Have you ever noticed that the last part of any project seems to take much longer than it ought to? I call this phenomenon Basketball Time.

A typical college basketball game has a 40-minute clock and most games take about two hours of real time to play. But, the last 2 minutes of clock time takes about 20 minutes of real time. In other words, 5% of the game takes 17% of real time. Whereas the first 38 minutes run at a rate of 2.1 real minutes per clock minute, the last few minutes run at a rate of 10 real minutes per clock minute. It's like the game is heading toward a black hole and there's time dilation or something.

At the end of a software project, the same thing happens. Right now, my todo list isn't very large, but it seems that every time I remove something, I add something else (or two). And all sorts of little things take much longer than one thinks they will.

A case in point: The hours I just wasted trying to do something that I thought should be trivial -- creating a Django custom tag. The custom tag is the clean way to do it and I estimated that the alternative (code I probably would have had to throw away later) would have taken me an hour to get right. So, the custom tag seemed the way to go. But, as is frequently the case in open source projects, I was hampered by poor Django documentation, which left out some details. I found a number of blog posts about the problem, some with their own misinformation. Fortunately, it turns out that GAE provides an (apparently undocumented) mechanism which makes things easier.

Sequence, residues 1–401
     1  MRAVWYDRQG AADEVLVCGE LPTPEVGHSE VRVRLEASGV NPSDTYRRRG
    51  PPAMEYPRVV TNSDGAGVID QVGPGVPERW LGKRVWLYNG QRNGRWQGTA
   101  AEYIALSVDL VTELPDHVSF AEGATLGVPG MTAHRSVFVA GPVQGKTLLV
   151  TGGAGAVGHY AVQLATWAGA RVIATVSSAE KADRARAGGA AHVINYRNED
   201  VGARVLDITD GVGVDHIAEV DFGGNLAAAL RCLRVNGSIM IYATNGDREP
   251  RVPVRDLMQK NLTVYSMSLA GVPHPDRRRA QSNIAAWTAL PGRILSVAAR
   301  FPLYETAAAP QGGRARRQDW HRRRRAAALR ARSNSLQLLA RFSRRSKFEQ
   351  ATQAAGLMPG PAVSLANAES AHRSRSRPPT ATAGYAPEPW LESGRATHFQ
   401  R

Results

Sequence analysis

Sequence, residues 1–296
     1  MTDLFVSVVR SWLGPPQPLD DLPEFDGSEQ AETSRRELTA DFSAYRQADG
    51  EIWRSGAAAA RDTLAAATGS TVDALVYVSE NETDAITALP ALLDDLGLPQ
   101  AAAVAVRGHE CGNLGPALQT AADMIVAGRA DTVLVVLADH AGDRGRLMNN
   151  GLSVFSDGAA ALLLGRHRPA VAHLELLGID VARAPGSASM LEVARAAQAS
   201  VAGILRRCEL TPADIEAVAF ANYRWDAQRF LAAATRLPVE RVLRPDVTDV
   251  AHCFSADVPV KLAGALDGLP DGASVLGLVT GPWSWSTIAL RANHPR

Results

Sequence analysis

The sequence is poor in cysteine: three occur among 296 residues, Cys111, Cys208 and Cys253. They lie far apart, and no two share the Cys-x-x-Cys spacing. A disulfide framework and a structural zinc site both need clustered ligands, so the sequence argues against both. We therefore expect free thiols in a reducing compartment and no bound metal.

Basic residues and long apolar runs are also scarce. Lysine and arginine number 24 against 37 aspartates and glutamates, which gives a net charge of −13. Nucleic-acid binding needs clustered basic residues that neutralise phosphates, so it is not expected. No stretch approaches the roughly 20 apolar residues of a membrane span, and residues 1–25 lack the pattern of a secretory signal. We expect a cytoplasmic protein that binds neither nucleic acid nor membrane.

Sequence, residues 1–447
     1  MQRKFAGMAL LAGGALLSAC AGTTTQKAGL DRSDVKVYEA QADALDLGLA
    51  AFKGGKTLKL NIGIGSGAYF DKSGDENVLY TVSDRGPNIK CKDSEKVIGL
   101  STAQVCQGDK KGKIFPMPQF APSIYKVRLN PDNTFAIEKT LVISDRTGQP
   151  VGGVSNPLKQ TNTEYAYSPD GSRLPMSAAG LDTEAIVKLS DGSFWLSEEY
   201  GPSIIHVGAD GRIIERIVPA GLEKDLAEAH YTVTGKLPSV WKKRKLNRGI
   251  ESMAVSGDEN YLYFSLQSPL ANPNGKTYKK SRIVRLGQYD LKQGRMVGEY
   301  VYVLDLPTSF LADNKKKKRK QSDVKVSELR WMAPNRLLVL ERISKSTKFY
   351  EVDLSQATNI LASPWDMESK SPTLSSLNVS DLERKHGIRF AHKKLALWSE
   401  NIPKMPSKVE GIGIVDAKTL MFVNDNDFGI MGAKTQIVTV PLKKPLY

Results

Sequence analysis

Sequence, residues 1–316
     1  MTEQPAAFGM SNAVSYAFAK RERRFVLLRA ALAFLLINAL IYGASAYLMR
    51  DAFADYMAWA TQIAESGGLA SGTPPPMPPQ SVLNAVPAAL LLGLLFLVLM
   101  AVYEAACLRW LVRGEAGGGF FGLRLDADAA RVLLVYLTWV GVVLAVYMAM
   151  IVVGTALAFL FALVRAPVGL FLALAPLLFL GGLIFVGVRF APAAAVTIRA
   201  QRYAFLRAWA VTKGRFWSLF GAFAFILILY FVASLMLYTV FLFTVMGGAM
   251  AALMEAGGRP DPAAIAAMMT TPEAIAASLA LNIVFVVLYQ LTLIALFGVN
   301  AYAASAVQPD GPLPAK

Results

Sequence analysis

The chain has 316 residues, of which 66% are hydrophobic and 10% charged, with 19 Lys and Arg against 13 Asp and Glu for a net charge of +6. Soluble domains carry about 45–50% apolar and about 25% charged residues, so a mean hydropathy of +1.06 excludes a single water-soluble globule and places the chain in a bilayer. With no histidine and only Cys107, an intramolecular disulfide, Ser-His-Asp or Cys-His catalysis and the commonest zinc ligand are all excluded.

For the record, here's how to set things up so that you can have a set of custom filters available to all templates in your Google App Engine application. Create a file that looks like this:

from django import template
from django.template.defaultfilters import stringfilter
from google.appengine.ext import webapp
register = webapp.template.create_template_register()

@stringfilter              # If applicable
def myfilter(value):
    return value

myfilter.is_safe = True    # If applicable
Then, put the following at the bottom of
# Register custom Django filters so they're available to all templates
from google.appengine.ext import webapp 
If you put in a module, make sure to specify the module name (as in 'common.custom_filters').

P.S. I have looked for references to "Basketball Time" that predate my usage, but I have not found any. If you know of one, I'd be interested in hearing about it.